Carlos Sanchez has never run a race, but he’s one of NYRR’s brightest stars, thanks to running’s power to inspire people.
Sanchez first volunteered at the New York City Marathon as a high school freshman in the Bronx. He was part of Hostos Community College’s Liberty Partnership Program, which was aimed at helping at-risk students graduate, and the program’s director, Jose Encarnación, encouraged him to join them. Sanchez was a water station volunteer, and he loved it so much the first year that he returned for the next three.
“I was beyond impressed watching history in the making,” Sanchez recalls.
While attending Canisius College and Mercy College, Sanchez continued his volunteering habits. He spent spring breaks on Habitat for Humanity trips and even traveled to New Orleans after Hurricane Katrina to help the recovery effort.
“Whether it’s disaster relief or making New York better by showing the true potential of humanity, we owe it to ourselves and society to find a cause and volunteer,” Sanchez says.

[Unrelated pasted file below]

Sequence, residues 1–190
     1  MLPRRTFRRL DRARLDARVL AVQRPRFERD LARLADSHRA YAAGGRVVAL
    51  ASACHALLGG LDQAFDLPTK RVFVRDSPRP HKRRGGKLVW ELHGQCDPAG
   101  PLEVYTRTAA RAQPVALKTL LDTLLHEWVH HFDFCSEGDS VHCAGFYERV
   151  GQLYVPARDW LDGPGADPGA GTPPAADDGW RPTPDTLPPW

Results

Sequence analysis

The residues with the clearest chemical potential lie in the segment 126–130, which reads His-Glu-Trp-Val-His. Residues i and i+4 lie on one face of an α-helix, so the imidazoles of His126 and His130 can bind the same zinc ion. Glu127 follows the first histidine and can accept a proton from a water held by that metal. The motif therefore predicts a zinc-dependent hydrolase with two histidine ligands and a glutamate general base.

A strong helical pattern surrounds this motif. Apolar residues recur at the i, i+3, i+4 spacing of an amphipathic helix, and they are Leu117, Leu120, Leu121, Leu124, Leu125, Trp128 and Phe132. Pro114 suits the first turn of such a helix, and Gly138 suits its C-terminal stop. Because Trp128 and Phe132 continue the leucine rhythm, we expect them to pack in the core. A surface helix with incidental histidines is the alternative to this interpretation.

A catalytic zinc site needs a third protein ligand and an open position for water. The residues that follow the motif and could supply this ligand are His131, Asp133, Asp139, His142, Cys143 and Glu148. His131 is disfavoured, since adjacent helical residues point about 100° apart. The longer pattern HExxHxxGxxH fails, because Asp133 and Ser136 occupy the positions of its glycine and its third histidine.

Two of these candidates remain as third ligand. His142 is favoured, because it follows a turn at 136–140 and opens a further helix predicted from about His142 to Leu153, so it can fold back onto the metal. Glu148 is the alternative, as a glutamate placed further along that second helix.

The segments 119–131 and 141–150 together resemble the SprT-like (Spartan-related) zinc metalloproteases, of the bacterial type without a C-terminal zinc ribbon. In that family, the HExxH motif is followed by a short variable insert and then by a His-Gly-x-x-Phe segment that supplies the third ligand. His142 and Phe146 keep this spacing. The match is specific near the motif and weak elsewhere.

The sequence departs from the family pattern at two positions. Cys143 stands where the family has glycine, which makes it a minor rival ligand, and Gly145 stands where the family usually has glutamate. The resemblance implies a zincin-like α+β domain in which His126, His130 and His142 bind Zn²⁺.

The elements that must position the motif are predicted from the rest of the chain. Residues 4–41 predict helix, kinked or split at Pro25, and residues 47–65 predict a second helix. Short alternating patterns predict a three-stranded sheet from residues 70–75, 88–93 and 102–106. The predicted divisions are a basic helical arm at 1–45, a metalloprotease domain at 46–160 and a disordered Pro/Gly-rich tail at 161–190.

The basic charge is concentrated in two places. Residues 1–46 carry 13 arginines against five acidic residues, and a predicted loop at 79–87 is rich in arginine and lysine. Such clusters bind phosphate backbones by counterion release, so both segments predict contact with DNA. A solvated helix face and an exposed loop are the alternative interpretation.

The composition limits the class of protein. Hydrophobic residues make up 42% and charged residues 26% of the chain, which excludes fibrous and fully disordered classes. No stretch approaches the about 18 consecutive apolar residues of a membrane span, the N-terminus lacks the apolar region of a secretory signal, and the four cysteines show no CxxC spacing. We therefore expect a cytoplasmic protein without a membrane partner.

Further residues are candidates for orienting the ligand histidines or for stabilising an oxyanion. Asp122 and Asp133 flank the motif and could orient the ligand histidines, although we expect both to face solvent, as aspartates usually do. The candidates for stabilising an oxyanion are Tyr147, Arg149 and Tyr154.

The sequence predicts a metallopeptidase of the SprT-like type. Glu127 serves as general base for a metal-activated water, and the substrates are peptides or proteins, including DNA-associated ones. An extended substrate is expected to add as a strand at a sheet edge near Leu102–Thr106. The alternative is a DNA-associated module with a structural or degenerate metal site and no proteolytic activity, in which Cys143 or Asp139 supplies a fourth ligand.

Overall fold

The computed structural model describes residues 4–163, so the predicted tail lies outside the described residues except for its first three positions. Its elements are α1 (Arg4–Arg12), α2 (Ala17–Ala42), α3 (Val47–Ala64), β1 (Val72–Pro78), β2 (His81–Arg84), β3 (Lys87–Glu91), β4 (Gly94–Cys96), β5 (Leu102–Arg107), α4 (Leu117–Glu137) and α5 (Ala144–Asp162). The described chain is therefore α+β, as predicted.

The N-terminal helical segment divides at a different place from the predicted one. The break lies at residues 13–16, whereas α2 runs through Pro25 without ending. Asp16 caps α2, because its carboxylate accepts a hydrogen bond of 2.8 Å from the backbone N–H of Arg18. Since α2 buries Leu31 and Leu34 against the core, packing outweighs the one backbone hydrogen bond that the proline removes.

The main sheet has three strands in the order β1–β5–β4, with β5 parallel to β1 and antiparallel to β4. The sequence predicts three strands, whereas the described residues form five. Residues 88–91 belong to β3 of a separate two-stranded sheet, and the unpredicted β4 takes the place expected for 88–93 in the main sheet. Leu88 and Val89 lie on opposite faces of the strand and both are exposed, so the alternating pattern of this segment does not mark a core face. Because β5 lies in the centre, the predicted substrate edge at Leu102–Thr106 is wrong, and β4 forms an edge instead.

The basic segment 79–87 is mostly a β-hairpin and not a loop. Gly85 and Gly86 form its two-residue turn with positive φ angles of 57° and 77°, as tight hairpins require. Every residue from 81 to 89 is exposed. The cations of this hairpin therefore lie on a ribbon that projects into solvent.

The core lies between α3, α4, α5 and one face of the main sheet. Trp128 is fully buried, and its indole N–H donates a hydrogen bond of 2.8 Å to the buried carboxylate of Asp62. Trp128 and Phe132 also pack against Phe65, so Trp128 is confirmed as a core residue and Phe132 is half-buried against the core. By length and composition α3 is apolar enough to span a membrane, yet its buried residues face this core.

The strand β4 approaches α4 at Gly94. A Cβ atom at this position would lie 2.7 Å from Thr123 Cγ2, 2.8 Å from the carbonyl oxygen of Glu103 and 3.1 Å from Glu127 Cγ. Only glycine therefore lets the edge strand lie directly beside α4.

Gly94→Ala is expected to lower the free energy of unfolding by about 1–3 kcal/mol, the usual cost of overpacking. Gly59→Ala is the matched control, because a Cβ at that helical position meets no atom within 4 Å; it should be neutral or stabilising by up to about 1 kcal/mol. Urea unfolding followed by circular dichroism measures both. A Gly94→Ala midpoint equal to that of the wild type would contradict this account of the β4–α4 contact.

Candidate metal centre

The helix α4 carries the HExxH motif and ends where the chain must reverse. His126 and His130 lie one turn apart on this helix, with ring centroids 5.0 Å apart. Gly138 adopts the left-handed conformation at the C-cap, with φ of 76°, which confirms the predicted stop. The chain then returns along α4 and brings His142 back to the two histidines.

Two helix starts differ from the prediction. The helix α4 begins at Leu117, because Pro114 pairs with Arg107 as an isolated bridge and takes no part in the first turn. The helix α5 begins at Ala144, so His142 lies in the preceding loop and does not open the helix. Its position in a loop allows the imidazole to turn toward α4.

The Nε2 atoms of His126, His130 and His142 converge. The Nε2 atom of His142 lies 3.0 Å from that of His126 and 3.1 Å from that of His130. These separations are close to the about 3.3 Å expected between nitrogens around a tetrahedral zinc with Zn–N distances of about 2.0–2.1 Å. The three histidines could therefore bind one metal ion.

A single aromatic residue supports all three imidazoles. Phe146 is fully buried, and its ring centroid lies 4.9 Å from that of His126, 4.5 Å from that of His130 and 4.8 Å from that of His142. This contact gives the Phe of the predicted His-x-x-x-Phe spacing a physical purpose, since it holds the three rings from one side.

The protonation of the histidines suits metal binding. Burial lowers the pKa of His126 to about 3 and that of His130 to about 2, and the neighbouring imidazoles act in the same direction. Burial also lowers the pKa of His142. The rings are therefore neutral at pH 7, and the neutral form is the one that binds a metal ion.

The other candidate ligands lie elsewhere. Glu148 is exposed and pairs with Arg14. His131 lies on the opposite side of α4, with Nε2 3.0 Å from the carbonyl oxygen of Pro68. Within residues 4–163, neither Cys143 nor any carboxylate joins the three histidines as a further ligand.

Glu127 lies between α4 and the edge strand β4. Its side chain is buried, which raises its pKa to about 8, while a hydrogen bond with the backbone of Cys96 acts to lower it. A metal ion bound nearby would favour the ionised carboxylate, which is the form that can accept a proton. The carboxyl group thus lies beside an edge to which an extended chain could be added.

Determined to make a difference in his own city, Sanchez chose the 2013 New York City Marathon as his next volunteer mission after he finished college—it was the natural choice for him. At the volunteer meeting, while watching a special presentation honoring retiring New York City volunteers, he couldn’t believe his eyes. There on the screen was his mentor, Jose Encarnación, being recognized for 35 years of service.
“I saw the picture and the memories came back,” Sanchez says. “I’ve volunteered at every NYRR event since.”
True to his word, Sanchez will be out on the NYC Half course this Sunday, leading a next generation of volunteers who’ll follow in his footsteps.
“I’m always amazed by how supportive and cheerful the volunteers are toward other volunteers and runners,” says Sanchez. “At any given race, someone will see me and say, ‘I remember you!’ and give me a cheer. I’ve made so many friendships volunteering, and those people are trying to get me to race!”
Sanchez understands runners, even if he has no plans to become one.
“It’s about showing the same enthusiasm you’d want to receive when you’re out there running,” he says.
“Our races are to our sport what Wimbledon and the Australian, U.S., and French Opens are to tennis, and what the Masters, U.S., and British Opens and PGA Championship are to golf. Each race has the history, the tradition, the honor roll of legendary champions, and a special place in the eyes of all to make them stand apart from the other events.” Mary Wittenberg